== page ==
This is a moment when Joseph Prusa, a godfather of 3D printers with the kinematics named after him, released a 3D printer with a CoreXY kinematics. But his team isn’t planning to move away from an older solution. In this article we will talk about what the Original Prusa XL will look like, as can be seen in the pictures from the Formnext 2021 exhibition.
The new machine has a build volume of 360 x 360 x 360 mm. According to Josef Prusa, the large size was the reason to go from the classic Prusa kinematics to the CoreXY. The platform of this size that is movable over the Y-axis would be rather heavy and the Z-axis rigidity would be more difficult to achieve. So there was no point in scaling up the Original Prusa MK3. .
The Original Prusa XL features an interesting print platform that consists of sixteen elements that are tightly placed side to side. They are sized 90 x 980 mm each and have individual heating components. There are two reasons for this: the first is that it allows for zoned heating that makes it possible to turn down some elements and save electricity when printing small objects. The second reason: it helps to avoid thermal deforming. A replaceable flexible print plate is placed atop of it.
The same platforms are used in the 3D printing farm presented at the Dubai Expo 2020 but those featured nine segments instead of sixteen. And if sixteen ones are possible, there’s nothing to stop Prusa from using even more. Josef Prusa didn’t say anything about that but there are chances that the Prusa XXL, as well as XXXL can see the light of the day some time in the future.
The extruder has been completely redone, it now features a powerful cycloidal reducer with a gear ratio of 20:1. There’s also an easily replaceable hot-end. The structure is quite lightweight despite the use of a direct-drive extrusion system. That means that there will be a high positioning speed and levels of accelerations. But nobody knows the exact numbers yet, even Josef: his team still continues testing, as well as firmware development and setting up the needed parameters. There’s also a chance that there will be an option to get the Klipper firmware — it will be an official offer but will lack tech support.
It’s obvious that even at the fastest speeds printing larger objects will take days.so the manufacturer decided to stop at the functional build volume of 360 x 360 x 360 mm. Prusa mentions that the design is focused on quality and reliability of printing. The speed is important, of course, but reliable operation is worth more.
Obviously, the device will feature a filament runout sensor and the print resume function which can be life-saving in the case of power outage or if one needs to change filament mid-print. Telescopic tube fasteners can hold the spools weighing up to 3 kg, so the filaments will last quite long. The model that was shown to the public has an open structure but Josef Prusa promises that the enclosure can be installed, or even a lid for a more stable ambient temperature.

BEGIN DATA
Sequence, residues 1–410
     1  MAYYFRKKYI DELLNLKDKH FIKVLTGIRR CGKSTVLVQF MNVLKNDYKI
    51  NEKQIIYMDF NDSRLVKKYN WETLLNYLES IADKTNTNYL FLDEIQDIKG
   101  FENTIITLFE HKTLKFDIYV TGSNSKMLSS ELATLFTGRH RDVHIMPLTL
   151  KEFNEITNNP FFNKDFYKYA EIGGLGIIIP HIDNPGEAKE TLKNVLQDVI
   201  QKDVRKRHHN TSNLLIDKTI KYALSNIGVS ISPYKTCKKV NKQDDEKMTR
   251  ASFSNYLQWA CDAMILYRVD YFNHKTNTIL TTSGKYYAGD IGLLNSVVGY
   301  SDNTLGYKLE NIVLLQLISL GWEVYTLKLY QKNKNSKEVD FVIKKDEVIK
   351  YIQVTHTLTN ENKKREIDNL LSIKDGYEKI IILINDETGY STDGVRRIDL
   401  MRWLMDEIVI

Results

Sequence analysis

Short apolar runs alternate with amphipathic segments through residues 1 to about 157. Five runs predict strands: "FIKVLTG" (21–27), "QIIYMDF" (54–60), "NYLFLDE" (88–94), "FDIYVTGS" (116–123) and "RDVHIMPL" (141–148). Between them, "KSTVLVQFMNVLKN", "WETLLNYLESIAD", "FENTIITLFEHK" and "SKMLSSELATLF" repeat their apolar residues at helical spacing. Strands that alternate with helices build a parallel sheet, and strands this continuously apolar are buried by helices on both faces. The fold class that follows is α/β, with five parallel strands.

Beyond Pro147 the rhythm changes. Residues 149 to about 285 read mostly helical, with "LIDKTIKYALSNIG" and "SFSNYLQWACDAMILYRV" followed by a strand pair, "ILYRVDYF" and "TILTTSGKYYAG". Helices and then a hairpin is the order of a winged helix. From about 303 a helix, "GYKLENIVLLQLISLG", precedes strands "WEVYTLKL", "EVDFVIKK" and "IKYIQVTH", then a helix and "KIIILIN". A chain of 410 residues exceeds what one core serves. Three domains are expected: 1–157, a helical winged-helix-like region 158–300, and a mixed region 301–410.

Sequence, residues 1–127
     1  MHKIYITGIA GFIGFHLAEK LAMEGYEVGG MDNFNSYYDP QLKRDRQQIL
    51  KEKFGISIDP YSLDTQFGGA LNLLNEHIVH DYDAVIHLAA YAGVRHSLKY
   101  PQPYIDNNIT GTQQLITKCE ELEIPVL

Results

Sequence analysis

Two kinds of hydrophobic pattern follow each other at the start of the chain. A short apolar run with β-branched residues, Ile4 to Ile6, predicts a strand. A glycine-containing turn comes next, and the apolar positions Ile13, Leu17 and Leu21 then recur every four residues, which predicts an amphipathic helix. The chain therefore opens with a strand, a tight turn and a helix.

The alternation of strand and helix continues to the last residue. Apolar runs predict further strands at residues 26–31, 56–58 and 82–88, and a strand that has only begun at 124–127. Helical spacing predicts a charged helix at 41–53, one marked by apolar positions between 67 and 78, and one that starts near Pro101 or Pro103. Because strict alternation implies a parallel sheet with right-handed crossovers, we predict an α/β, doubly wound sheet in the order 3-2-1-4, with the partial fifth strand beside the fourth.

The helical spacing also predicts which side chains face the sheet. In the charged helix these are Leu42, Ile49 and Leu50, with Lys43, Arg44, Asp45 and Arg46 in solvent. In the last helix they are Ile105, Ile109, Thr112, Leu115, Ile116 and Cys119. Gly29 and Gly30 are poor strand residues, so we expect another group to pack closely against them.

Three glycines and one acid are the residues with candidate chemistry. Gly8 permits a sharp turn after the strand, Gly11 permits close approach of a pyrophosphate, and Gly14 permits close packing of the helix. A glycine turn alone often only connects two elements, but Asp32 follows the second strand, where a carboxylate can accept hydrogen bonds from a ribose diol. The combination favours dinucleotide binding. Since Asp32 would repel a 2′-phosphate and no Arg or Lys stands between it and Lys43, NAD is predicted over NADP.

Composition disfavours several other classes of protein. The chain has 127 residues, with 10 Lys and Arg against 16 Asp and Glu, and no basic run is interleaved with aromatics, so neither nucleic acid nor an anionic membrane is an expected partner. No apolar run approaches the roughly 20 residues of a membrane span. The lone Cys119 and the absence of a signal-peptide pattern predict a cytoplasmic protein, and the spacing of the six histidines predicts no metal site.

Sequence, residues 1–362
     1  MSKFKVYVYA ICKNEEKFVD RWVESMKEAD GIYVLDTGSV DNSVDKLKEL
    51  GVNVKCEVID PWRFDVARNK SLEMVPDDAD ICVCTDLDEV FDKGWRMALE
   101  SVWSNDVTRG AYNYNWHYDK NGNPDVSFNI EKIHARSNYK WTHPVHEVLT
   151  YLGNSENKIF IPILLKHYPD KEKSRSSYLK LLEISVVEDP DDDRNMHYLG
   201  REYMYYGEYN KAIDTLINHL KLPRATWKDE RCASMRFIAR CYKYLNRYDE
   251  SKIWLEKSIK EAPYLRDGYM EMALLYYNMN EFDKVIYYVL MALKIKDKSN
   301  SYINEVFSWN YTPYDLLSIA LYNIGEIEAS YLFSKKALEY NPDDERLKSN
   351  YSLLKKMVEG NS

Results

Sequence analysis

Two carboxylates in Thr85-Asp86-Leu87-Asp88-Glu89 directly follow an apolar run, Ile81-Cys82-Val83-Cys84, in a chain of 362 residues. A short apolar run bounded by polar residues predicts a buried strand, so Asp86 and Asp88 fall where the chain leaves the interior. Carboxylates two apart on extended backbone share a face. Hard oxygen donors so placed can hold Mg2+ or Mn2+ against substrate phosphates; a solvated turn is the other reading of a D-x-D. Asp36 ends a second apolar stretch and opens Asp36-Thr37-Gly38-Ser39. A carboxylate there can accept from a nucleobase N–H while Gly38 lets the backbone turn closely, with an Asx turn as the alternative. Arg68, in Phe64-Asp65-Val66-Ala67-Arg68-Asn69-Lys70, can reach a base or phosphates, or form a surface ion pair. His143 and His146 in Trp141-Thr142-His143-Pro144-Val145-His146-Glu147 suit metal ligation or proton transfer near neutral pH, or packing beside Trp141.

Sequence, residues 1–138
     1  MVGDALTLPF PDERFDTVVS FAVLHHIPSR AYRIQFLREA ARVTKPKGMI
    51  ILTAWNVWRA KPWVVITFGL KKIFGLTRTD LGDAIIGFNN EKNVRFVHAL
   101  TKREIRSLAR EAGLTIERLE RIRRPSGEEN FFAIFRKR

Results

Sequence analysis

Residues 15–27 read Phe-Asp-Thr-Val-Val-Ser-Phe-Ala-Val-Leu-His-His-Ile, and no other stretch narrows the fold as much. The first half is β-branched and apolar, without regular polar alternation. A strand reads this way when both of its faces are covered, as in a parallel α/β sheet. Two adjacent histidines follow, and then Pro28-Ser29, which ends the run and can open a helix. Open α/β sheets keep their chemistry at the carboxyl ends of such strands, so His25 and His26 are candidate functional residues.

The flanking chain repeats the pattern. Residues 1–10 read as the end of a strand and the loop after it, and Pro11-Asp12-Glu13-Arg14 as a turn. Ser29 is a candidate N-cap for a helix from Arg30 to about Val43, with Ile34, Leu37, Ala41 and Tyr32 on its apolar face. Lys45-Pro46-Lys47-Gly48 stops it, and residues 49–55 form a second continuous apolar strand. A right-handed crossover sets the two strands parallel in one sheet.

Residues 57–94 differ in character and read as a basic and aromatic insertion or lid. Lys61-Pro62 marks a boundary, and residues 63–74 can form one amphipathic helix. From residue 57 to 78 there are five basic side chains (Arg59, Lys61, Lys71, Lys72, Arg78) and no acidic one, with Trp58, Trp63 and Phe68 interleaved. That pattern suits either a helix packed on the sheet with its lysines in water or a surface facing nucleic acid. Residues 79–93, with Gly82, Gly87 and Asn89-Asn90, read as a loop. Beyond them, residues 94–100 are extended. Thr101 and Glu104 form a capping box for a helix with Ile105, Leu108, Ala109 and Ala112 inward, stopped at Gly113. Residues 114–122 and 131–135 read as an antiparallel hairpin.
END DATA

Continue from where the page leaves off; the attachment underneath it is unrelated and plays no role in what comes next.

The leveling is automatic and the system uses a strain gauge. The latter is located inside a radiator of a thermal barrier and Prusa says that it can help putting the first layer on nearly anything. The system automatically tracks unevenness on the print plate and compensates it while putting the first layer. Replacing the hot-end or the nozzle doesn’t require Z-axis calibration afterwards: Another advantage is that the gauge can track how filament is pushed through the system and stop the process if anything goes wrong. The team is even testing the ability to predict nozzle blockage or ruptures during print removal. There’s an additional thermistor that can track heating of cold areas that cause the clogging.
And one of the most interesting feature is an option to install automatic extruder replacement technology with five printheads. Everything is done mechanically without the magnets in order to provide better reliability. The calibration is done using the aforementioned strain gauge. According to Josef Prusa, during testing the system did more than 500,000 cycles with any issues.
Five interchangeable print heads provide many opportunities: multi-color printing, the ability to use a separate filament for supporting structures (something water-soluble, for example), and even using the materials with different extrusion temperature since it can be set individually for each hot-end. The team is also working on the technology of using the printheads with different nozzle sizes to get both a higher level of detail and better speed of printing (where the details aren’t needed) at once. Of course, there’s a chance that apart from nozzles there will be probes or laser engravers but it’s only a theoretical possibility at the moment. The whole system will cost more money and the team is planning to offer it as an upgrade option to the base version of a 3D printer.
There’s no release date set on the Original Prusa XL release. Josef doesn’t promise anything since the company has had problems with parts delivery during the pandemic. A rough estimate would be the Q2 or Q3 of 2022. There are pre-orders with refunds available, so one can put an order on the XL even right now.
All of the versions are offered in a partially assembled state. The base single-extruder model is sold at $1,999, while the dual-extruder one costs $2,499. The printhead exchanging system will put the price of the device at $3,499. Another $500 will buy you a pre-assembled device. If the prices change, the company will notify the clients. Currently paying $200 is enough to have a place in the queue.
Apart from the upcoming device by Prusa, the market of the ‘cubic’ 3D printers is full of interesting offerings, especially in the segment of the large-sized machines. The Modix Big-60 would be one of the examples.